Cognitive Dissonance: Changing Attitudes and Behaviour

Psychology 101: The 101 Ideas, Concepts and Theories that Have Shaped Our World - Adrian Furnham 2021

Cognitive Dissonance: Changing Attitudes and Behaviour

We have a group who believed the world was going to end on a specific date…They would be picked up at a specific time by flying saucers. They were all sitting around waiting and, of course, nobody came. And, after four to six hours of turmoil and desperation, they reached the conclusion that God had saved the world because they had sat up all night praying. And then…they went out proselytizing very hard. (Leon Festinger, Psychologists on Psychology)

Most of us feel the need to justify our actions however odd and bizarre they may be. People who smoke know that nicotine addiction is seriously harmful to health. The same is true of people who drink more than two to three times what is recommended.

We are powerfully motivated to achieve consonance. There is some debate about whether this is equally true in all cultures.

Why can even skilled interviewers seem never to be able to get politicians to answer simple questions? One answer is that politicians are terrified about appearing inconsistent: if you don’t make promises or predictions you do not have to honour them.

Dissonance theory is interestingly provocative. It suggests behaviour can lead to attitude change more easily than the other way around. Change the behaviour and the attitudes follow.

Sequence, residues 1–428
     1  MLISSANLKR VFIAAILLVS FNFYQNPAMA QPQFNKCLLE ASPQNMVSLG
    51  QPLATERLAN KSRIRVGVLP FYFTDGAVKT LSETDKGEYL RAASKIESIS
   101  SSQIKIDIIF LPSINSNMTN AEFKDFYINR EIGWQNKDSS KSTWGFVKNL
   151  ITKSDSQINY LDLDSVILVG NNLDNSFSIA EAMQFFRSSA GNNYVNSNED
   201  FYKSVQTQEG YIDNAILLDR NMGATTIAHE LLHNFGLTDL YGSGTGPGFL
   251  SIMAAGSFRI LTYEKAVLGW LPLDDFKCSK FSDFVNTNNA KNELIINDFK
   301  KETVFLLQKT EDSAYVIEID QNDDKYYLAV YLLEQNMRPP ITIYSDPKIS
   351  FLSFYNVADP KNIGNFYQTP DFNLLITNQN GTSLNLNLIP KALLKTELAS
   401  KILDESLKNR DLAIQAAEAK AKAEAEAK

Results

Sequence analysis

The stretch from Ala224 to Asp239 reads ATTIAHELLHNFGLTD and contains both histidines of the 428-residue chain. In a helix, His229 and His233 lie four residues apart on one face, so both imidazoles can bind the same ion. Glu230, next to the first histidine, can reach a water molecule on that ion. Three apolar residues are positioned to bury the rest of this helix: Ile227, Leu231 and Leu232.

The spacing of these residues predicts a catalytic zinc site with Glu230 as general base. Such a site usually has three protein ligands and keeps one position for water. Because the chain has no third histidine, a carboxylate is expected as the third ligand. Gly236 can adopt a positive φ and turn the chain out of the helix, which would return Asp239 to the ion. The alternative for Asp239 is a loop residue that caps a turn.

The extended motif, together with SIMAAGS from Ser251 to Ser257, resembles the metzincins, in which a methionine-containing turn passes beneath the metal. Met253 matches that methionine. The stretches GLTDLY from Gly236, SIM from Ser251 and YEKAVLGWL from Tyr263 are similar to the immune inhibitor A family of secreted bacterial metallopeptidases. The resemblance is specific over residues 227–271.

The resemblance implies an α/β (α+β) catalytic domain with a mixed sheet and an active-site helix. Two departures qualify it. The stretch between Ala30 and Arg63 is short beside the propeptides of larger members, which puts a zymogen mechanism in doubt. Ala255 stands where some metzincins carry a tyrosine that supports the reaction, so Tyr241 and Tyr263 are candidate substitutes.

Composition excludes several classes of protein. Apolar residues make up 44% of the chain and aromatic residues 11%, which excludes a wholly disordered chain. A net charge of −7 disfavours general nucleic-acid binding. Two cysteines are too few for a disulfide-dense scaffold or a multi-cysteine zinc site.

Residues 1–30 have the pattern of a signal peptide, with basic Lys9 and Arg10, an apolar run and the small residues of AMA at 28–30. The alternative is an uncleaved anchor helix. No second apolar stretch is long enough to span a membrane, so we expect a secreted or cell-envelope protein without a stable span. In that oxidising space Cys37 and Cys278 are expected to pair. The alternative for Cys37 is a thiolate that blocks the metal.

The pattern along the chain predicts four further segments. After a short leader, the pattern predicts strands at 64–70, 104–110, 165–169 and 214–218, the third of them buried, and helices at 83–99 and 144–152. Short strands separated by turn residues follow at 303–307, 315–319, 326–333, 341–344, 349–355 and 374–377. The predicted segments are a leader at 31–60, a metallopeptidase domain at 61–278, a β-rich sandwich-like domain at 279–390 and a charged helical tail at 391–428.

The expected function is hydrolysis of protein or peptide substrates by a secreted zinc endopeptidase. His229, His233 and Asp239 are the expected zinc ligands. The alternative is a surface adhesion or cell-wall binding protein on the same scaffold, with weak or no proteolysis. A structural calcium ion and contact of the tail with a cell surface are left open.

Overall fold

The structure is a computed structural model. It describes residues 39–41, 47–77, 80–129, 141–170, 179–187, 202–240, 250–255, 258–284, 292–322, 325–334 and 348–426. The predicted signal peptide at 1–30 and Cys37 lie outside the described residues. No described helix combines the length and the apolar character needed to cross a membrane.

The theory speaks of the ’insufficient justification effect’. When our actions are not obviously explained by external rewards (like money) or coercion (like orders) we will experience dissonance. Cognitive dissonance celebrates the attitudes-follow-behaviour effect, not the other way around. The more you coerce people the less they change.

Imagine you have three groups of people who write long critical well-referenced essays about some important issue that they personally do not believe in (capital punishment, apartheid, research on animals). One group is forced to do it (with severe punishment if they do not), one group is paid handsomely (£100) while the third group is paid a paltry sum (£1) for their efforts. The theory states, and the data shows, that it is the third group whose attitudes should change most toward that of the topic of the essay because they can’t easily justify doing it because of being forced to, or the reward of much money.

Dissonance is aroused and has to be reduced under very specific situations, according to the theory.

First, people must feel that their attitude-discrepant behaviour is freely chosen, completely volitional and that they are personally responsible for it. If they act under coercion from some external force or threat (or lack of choice) dissonance is not necessarily aroused.

Second, they must feel that this attitude-discrepant behaviour is firmly committed and irrevocable. If the behaviour is easily modifiable this reduces dissonance.